• Heritage Natural Finishes for wood are non-toxic, biodegradable and sustainable.  They are made primarily of orange oil, tung oil, linseed, pine resin and beeswax.  They utilize no heavy metals or drying agents, and because of this, they penetrate deeper than other finishes.
  • No-VOC*** paints eliminated harmful, volatile chemicals that paints often off-gas, making the most environmentally (and human) friendly option for use on our building ceilings.
  • Repurposed items, including furniture, a commercial-grade oven, double oven, three-bay sink, stainless steel prep/work tables and more!

*R-valuethe capacity of an insulating material to resist heat flow. The higher the R-value, the greater the insulating power.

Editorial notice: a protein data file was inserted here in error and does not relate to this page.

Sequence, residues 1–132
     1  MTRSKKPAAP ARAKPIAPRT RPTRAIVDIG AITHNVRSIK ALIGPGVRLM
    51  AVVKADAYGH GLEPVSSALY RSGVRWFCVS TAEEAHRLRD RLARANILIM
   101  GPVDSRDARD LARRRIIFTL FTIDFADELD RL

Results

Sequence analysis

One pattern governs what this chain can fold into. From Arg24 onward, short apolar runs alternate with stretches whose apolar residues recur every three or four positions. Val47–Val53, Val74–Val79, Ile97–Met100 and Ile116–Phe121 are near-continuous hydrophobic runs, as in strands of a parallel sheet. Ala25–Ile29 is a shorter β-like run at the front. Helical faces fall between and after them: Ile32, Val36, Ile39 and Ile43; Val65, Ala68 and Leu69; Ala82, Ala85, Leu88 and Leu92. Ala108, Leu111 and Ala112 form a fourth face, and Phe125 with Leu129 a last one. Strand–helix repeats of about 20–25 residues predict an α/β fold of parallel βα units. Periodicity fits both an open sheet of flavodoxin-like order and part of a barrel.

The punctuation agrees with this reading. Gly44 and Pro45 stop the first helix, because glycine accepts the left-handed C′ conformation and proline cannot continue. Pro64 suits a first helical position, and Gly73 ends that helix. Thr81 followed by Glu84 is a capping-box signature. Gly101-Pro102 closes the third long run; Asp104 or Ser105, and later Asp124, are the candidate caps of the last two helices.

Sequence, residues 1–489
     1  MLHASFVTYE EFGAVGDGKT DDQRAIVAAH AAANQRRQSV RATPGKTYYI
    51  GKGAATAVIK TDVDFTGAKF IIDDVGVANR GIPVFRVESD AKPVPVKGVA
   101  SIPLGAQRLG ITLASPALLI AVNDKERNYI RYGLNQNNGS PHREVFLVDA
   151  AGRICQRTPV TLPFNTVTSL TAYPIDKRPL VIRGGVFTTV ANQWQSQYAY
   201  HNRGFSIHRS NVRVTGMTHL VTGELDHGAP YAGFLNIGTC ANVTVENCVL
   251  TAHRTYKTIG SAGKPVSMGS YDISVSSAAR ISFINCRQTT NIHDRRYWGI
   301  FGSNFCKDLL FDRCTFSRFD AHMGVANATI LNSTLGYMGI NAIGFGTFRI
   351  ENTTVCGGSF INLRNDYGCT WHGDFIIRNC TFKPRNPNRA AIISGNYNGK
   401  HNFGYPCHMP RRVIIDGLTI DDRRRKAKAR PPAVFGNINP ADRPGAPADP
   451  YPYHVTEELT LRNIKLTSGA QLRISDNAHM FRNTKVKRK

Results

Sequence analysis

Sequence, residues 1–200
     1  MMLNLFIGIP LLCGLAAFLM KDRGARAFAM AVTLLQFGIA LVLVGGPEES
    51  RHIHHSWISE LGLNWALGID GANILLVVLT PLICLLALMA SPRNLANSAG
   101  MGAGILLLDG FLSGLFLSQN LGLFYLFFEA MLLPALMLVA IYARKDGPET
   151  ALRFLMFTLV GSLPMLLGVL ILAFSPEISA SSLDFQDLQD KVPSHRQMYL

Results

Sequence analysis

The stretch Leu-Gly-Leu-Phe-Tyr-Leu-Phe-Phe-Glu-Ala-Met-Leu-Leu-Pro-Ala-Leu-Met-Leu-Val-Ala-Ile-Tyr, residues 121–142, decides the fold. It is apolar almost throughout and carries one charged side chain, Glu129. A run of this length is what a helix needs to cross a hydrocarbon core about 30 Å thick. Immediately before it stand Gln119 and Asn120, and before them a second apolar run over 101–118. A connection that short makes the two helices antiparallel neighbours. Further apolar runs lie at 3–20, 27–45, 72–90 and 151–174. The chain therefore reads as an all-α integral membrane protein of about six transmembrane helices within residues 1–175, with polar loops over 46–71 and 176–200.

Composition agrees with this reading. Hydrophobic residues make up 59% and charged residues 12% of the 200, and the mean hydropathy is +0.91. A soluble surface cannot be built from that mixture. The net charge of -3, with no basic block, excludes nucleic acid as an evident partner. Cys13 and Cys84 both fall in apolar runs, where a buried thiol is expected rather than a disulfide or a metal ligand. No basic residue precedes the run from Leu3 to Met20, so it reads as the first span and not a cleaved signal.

**U-value:  a measure of the flow of heat through an insulating or building material.  The lower the U-value, the better the insulating ability.

***VOCsVolatile organic compounds are emitted as gases from certain solids or liquids. VOCs include a variety of chemicals, some of which may have short- and long-term adverse health effects. Concentrations of many VOCs are consistently higher indoors (up to ten times higher) than outdoors.   Household products that emit VOCs include paint, paint strippers, cleaning supplies, pesticides, glues & adhesives, building materials and furnishings.

To learn more about the choices we made with the building of our new Learning Center, please request to see our Building Pamphlet in print (we can mail you one!) or find it here.

For more information- or to chat about our Everyday Practices- or if you know anything more we can be doing, please contact us at 508.938.5127 or